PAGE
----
This book was conceived when Jagtar Singh, as a journalist working with The Indian Express, went to the Darbar Sahib complex as part of the team of journalists from Chandigarh flown to the war zone by the government during Operation Bluestar, the army action in the Golden Temple complex, the holiest of the holy shrine of the Sikhs at Amritsar. The holy Granth Sahib installed on the first floor of the sanctum sanctorum of the shrine was in disorder covered by a blood-soaked white sheet. Placing the holy book in order was traumatic for the author.
Jagtar Singh had joined The Indian Express in 1978 a few days after the Sikh-Nirankari clash to which militancy in this state is traced, to be transferred to Amritsar in March the next year. This provided the opportunity to observe the situation virtually as an insider. Though he returned to Chandigarh after two years, the author covered almost every major development in Amritsar till Operation Bluestar. The visits to Amritsar were frequent till militancy petered out. The author was witness to the rise of Sant Jarnail Singh Bhindranwale with whom the interaction was frequent, most of the time off the record; such meetings provided the much-needed deeper insight into the evolving situation. The last one-to-one off the record meeting lasting about an hour with him was on May 25 when the army had already moved into Punjab for the decisive action.
This book combines both the personal experience during the period Jagtar Singh worked with The Indian Express and the developments and their interpretation spanning about 25 years covering the two extremes in the Sikh political matrix. Some of the resource material relating to Sikh politics is exclusive, appearing for the first time in this book.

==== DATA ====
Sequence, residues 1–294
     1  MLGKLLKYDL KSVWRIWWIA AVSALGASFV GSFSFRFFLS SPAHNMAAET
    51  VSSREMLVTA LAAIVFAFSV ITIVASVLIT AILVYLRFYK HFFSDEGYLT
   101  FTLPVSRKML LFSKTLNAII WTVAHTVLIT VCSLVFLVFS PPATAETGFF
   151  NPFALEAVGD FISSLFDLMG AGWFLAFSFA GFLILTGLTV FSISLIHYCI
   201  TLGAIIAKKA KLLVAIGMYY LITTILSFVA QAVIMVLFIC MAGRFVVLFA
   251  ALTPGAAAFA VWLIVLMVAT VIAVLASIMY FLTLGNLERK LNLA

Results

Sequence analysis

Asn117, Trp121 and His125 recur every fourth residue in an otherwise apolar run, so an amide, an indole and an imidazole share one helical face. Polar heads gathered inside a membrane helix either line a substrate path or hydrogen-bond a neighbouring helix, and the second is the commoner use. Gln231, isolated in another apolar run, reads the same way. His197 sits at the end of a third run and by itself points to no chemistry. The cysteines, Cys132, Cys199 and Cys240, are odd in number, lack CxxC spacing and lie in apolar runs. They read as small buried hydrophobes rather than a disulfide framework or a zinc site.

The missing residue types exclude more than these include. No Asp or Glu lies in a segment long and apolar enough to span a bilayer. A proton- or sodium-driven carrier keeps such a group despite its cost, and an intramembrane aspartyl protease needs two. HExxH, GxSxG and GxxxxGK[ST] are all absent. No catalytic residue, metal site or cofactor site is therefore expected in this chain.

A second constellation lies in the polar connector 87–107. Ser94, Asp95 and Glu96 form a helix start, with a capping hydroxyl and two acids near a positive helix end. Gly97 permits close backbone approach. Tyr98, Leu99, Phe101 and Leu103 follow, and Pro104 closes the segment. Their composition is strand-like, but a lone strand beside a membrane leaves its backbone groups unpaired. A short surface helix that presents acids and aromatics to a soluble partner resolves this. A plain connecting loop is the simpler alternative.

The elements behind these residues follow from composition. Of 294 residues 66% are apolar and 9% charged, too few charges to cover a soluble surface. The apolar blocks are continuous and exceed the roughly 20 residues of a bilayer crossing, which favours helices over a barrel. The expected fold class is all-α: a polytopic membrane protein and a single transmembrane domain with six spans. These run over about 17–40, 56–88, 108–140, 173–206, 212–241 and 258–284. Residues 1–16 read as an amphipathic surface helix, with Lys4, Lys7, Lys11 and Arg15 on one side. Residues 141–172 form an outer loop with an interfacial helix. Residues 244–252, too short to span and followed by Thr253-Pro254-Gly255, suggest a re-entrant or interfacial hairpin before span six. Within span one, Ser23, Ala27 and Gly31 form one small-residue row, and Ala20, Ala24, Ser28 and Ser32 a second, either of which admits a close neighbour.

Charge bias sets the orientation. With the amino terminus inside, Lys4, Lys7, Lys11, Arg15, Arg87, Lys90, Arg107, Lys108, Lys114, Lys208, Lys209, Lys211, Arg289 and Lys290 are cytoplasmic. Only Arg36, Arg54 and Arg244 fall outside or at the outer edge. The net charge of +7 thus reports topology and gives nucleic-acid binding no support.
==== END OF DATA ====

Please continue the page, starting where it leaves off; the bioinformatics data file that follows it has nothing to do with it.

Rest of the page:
Coming from a family of agriculturalists of Ambala, Jagtar Singh, when he joined The Indian Express, Chandigarh, in 1978, was among the very few English language journalists of Punjab with a wide knowledge and background of rural Punjab and Haryana. Possessing a great capacity for diligent fieldwork, he was aided by his understanding of the religio-political ethos of the region and, in his writings, was soon imparting meaning to the fast-paced developments, then sweeping across Punjab. His foray into this, till then, urban bastion was preceded by an in depth study of political economy, interspersed with personal experiences of mass struggle and repression by the state machinery in the late 1960s and early 1970s in Punjab.
In his journalistic career he utilised the opportunities afforded by the old school of journalism to bring home to the readers the major currents and cross-currents which enveloped Punjab in the 1980s and 1990s. Arguably, Jagtar Singh is one of the foremost authorities on Punjab, its politics and society which seem to be beyond the comprehension of the whistle-stop journalists of the new era. Jagtar Singh has always been known for meticulous record keeping, combined with a dispassionate, balanced and unsparing approach to events and players and these qualities are amply on display in this work as well.